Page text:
There isn’t much I can add to the well-deserved shellacking of the Cobb County school system on the by the editors of the MDJ on the editorial page this past Thursday for the system’s shoddy treatment of former Kell High School Principal Trudie Donovan.
Donovan, a 34-year veteran of the school system was charged with failure to report “in a timely fashion,” as required by state law a teacher who allegedly had slapped two students. She abruptly “retired” in June 2012 under a cloud of suspicion.
Now, the Cobb Solicitor’s Office has announced that it will drop the charges against Donovan due to “a lack of evidence.” Assistant Solicitor General Latonia Hines wrote, “After an extensive investigation, the state is unable to pursue this charge due to a lack of facts or supporting evidence to prove beyond a reasonable doubt that the defendant violated the ‘willfully and knowingly’ portion of (the mandatory reporting law).”
Everybody from the Cobb County school board to Superintendent Dr. Michael Hinojosa to the faceless bureaucrats behind the keel-hauling of Ms. Donovan owes her a public apology.
This isn’t the first time the CCSD has rushed to judgment. Equally disturbing is the case of elementary teacher Gregory Leontovich, who was fired by the Cobb school board in 2005 on charges he sexually assaulted a 7-year old girl, despite the fact that her teacher swore the girl had not left her classroom on the day the assault supposedly took place and that a hospital exam confirmed no signs of an assault. It took Mr. Leontovich three years to clear his name in Cobb County Superior Court, not to mention 26 days in jail.
And let’s not forget Tapp Middle School Principal Jerry Dority, counselor Yatta Collins, and Awtrey Middle School Principal Jeff Crawford being hung out to dry by the CSDD as described in the MDJ editorial.
Suffice it to say that it is not the teachers who are the villains here. It is a school system that presumes one is guilty until proven innocent. I can’t believe that somewhere along their paths to the education mountaintop at least one of the faceless bureaucrats didn’t take a course in political science and learn how our democratic system is supposed to function.
As the MDJ editorial so rightly put it, “Police officers who shoot someone in the line of duty typically are put on desk duty with pay until the matter is resolved. Cobb educators, however, are presumed guilty unless they can somehow prove their innocence.”
Equally guilty are our legislators, who seem more interested in promoting their educational self-interests (read: private schools) than in supporting public school teachers who bust their butts daily trying to educate our young people in spite of a myriad of complex rules and regulations coming at them from every government entity with an oar in the education water.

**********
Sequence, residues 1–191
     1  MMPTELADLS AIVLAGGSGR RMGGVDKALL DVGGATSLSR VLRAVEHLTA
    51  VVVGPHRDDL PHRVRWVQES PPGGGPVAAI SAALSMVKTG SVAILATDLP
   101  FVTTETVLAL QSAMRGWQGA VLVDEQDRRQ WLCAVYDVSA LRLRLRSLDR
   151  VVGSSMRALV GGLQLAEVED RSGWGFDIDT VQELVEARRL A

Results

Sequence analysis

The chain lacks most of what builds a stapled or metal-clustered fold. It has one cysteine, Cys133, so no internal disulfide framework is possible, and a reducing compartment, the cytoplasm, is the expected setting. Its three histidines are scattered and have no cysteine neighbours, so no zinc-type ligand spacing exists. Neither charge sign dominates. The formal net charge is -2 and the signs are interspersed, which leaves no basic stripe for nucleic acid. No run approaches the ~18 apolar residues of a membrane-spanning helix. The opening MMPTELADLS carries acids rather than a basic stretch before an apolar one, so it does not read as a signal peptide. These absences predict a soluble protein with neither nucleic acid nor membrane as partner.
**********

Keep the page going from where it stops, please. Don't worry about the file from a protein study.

Perhaps I missed something but I have not heard a peep out of one single legislator over this shameful episode. Remember, a state law is the root cause of the problem. Don’t be shocked, however, if our intrepid public servants make no effort to change the law next session. For whatever reason, public school teachers don’t seem to be very high on their agenda these days.
The worst part of this whole mess is the lack of loyalty shown to Cobb County educators by the Cobb school board, the superintendent and the bureaucrats in the central office. Cobb school teachers can certainly identify with that great Okeefenokee philosopher Pogo the Possum who opined, “We have met the enemy and it is us.”
I appreciate the fact that the Cobb school board and school system officials are wringing their hands over the financial decisions facing them in the upcoming year. That is important stuff to be sure, but nowhere near as important as assuring teachers and administrators that somebody has their back. First things first.
I have four public school teachers in my family — none in Cobb County. In addition to dealing with the myriad social issues that don’t stop at the school house door and apathetic parents, bureaucratic red tape, politically-motivated school boards, make-work central offices and unsupportive legislators, they and the rest of their colleagues around the state shouldn’t have to live in fear that the slightest accusation, no matter how spurious, will cost them their jobs, their reputation and the meager money they get paid in order to defend themselves.
So, back to my original question: What has happened to common sense? If you are looking for it, look some place other than the Cobb County school system. It doesn’t live there anymore.
You can reach Dick Yarbrough at firstname.lastname@example.org or P.O. Box 725373, Atlanta, Georgia 31139.